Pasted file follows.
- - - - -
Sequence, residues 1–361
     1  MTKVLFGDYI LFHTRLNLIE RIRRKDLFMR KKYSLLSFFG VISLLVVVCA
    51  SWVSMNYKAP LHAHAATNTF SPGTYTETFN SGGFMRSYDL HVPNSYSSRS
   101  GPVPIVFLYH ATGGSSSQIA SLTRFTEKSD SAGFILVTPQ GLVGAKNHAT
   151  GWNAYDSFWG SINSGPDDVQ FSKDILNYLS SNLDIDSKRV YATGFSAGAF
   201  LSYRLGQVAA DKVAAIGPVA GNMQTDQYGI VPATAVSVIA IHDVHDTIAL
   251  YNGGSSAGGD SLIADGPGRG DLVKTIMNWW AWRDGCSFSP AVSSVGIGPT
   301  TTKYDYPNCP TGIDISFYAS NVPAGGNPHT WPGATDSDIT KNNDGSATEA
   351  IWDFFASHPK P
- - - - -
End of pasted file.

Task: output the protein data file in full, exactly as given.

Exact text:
Sequence, residues 1–361
     1  MTKVLFGDYI LFHTRLNLIE RIRRKDLFMR KKYSLLSFFG VISLLVVVCA
    51  SWVSMNYKAP LHAHAATNTF SPGTYTETFN SGGFMRSYDL HVPNSYSSRS
   101  GPVPIVFLYH ATGGSSSQIA SLTRFTEKSD SAGFILVTPQ GLVGAKNHAT
   151  GWNAYDSFWG SINSGPDDVQ FSKDILNYLS SNLDIDSKRV YATGFSAGAF
   201  LSYRLGQVAA DKVAAIGPVA GNMQTDQYGI VPATAVSVIA IHDVHDTIAL
   251  YNGGSSAGGD SLIADGPGRG DLVKTIMNWW AWRDGCSFSP AVSSVGIGPT
   301  TTKYDYPNCP TGIDISFYAS NVPAGGNPHT WPGATDSDIT KNNDGSATEA
   351  IWDFFASHPK P